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Both of my parents turned 80 years of age this year, Dad during the summer, Mom today. They have been and are good parents by any objective measure.

So on this Thanksgiving Day I am thankful for God’s gift of good parents, something for which I can take no credit. It’s purely God’s blessing, my parents’ grace, and my benefit.

Both of my parents have been Christian people since their youth, and they both introduced me to the faith as a child and took me to every conceivable church event since I was born. What I’m saying is that I grew up in a “Christian home” in the best sense of the phrase.

I never had to doubt my parents’ love, commitment, “being there,” or support. These things were a given, and they continue to be so. They disciplined me as a kid, taught me right from wrong and pushed me toward the right even when I’d have preferred the wrong.

My parents aspired to my higher education before I did, and they paid for much of it. They wanted me to go to a Christian institution of higher learning long before I considered the issue one way or another. They prayed for me to “find” a Christian wife before I got around to thinking about it and before the Lord sent the right one into my life, again without me having much to do with it.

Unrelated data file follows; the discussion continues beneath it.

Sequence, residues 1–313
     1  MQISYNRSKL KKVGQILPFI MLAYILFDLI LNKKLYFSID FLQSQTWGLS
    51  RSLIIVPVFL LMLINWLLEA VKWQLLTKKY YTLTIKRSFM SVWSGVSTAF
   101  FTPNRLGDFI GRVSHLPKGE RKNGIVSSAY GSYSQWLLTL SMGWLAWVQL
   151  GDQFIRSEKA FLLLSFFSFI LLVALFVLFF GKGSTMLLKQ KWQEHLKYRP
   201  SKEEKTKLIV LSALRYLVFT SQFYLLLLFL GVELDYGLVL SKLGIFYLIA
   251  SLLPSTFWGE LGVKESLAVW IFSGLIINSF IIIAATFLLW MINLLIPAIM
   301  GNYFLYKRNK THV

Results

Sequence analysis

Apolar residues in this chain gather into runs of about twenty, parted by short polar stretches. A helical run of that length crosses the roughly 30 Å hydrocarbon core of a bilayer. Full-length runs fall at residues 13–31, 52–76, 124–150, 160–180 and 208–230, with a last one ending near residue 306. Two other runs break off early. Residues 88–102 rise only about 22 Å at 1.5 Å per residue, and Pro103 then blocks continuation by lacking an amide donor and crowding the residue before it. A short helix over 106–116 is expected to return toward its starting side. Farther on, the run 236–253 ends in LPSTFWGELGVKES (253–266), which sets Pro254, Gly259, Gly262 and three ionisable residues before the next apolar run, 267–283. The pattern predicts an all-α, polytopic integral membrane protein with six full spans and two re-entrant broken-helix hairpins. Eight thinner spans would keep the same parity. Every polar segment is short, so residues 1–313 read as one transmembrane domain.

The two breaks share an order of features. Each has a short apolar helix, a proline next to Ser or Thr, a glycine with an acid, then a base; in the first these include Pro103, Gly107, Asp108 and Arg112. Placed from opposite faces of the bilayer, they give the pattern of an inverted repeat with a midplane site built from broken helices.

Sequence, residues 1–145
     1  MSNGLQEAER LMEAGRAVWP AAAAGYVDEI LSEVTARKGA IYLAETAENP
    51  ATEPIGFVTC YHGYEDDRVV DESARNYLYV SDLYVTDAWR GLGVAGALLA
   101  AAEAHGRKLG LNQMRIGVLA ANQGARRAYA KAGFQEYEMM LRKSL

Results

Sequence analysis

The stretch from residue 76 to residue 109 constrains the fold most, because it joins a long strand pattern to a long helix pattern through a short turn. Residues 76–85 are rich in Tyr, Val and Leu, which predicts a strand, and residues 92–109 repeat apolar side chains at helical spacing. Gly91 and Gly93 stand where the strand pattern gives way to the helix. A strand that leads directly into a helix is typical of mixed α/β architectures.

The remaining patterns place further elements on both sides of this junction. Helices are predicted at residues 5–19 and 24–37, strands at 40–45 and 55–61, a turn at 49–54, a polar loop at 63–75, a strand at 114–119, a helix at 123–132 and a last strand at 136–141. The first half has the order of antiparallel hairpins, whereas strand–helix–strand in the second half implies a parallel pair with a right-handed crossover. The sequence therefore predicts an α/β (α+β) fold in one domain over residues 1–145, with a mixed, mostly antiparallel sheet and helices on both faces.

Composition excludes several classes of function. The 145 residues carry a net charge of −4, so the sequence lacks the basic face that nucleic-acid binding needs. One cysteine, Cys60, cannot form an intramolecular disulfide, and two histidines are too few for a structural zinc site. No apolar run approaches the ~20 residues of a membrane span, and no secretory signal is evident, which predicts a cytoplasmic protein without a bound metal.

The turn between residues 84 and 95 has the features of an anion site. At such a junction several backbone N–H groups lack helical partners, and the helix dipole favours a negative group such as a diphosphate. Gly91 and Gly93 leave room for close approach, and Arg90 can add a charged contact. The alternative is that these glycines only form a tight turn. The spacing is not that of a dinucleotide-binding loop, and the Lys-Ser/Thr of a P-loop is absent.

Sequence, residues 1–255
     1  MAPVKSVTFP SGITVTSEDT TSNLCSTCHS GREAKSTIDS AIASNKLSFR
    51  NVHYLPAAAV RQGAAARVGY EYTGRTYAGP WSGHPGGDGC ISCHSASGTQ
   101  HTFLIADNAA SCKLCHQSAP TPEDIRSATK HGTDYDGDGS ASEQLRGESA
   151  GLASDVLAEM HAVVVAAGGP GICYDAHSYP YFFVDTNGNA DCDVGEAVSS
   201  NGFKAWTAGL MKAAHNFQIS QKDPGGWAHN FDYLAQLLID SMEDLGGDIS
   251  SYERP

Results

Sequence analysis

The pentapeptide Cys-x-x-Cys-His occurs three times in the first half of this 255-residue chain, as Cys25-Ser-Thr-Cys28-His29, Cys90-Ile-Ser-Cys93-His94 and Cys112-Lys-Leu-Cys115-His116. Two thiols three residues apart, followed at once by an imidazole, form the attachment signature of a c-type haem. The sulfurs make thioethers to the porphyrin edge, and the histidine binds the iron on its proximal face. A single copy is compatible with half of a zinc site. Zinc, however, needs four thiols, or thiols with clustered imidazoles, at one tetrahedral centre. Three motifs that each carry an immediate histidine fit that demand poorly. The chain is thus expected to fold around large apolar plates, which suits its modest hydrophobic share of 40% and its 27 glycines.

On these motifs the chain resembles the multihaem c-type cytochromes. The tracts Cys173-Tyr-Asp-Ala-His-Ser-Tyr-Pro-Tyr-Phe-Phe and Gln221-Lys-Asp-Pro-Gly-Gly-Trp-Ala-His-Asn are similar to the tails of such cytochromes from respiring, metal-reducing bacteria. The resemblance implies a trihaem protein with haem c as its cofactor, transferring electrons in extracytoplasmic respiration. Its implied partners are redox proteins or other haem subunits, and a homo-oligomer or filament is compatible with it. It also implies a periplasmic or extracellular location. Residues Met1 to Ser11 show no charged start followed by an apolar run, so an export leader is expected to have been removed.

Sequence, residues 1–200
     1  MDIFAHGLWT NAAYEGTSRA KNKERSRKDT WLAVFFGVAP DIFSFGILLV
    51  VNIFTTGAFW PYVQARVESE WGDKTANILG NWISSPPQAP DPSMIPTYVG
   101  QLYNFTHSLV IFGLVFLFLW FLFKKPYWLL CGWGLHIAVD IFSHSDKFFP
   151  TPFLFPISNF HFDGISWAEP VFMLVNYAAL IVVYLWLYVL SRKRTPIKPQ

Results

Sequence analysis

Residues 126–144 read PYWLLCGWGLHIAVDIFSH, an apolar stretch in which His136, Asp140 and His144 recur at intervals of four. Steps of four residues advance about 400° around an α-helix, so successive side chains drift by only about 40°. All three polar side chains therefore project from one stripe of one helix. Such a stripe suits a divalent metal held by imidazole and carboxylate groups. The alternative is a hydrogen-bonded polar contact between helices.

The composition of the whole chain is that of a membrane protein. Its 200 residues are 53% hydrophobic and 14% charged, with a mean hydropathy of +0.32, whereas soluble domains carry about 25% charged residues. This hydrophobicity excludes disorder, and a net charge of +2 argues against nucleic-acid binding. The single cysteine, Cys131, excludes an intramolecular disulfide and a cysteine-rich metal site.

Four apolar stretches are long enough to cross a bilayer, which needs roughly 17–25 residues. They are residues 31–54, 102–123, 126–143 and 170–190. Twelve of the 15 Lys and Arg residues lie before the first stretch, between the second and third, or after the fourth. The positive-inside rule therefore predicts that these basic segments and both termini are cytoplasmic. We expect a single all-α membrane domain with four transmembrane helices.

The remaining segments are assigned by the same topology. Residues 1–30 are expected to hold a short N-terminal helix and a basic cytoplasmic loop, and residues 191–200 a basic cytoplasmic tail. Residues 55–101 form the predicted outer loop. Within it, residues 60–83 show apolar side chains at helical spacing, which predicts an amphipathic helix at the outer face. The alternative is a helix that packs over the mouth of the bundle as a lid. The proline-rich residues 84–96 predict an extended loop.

My parents have been faithful church attenders, participators, and leaders for more than sixty years. They lived out the Christian faith, thus providing an unwavering example for me, of course, but for any and everyone who cared to pay attention. No one ever fairly doubted their word or integrity. No one ever had reason to question their faithful motives and generous good works.

Assuming you were blessed with good parents, and not everyone was or is by a sad long shot, but if you were, how do you pay them back? How is it possible to repay someone who has invested an entire life into your life and who in large part helped make you what you are, or at least what you can be?

I think there’s only one way. The only way you can repay good parents is to attempt to live by the values they hold dear, to live as they hoped you would live. If you do this you perpetuate their values and their goals into the third and the fourth generation. You affirm and honor the wisdom of how they’ve chosen to live. You extend their legacy.

I haven’t robbed banks or done physical harm to anyone, thankfully, but then again, I don’t offer myself as a model of the best Christian living. But I do remember, consciously or at times subconsciously, what my parents taught me by word and deed and I’ve tried to live to that standard. Better yet, my wife and I have passed my parents’ Christian values to our own children and they are living out their faith.

Parents, including good ones, don’t all get the privilege of turning 80. But when they do it is a good thing to celebrate long lives lived as unto the Lord. These are my parents, good parents at 80. These are people who have nothing to be ashamed of and who’ve blessed me, my sister, our families, and many more. Now they are modeling how to “finish well” and God grant that as long as he gives me to live I will walk in their footsteps.


© Rex M. Rogers – All Rights Reserved, 2011

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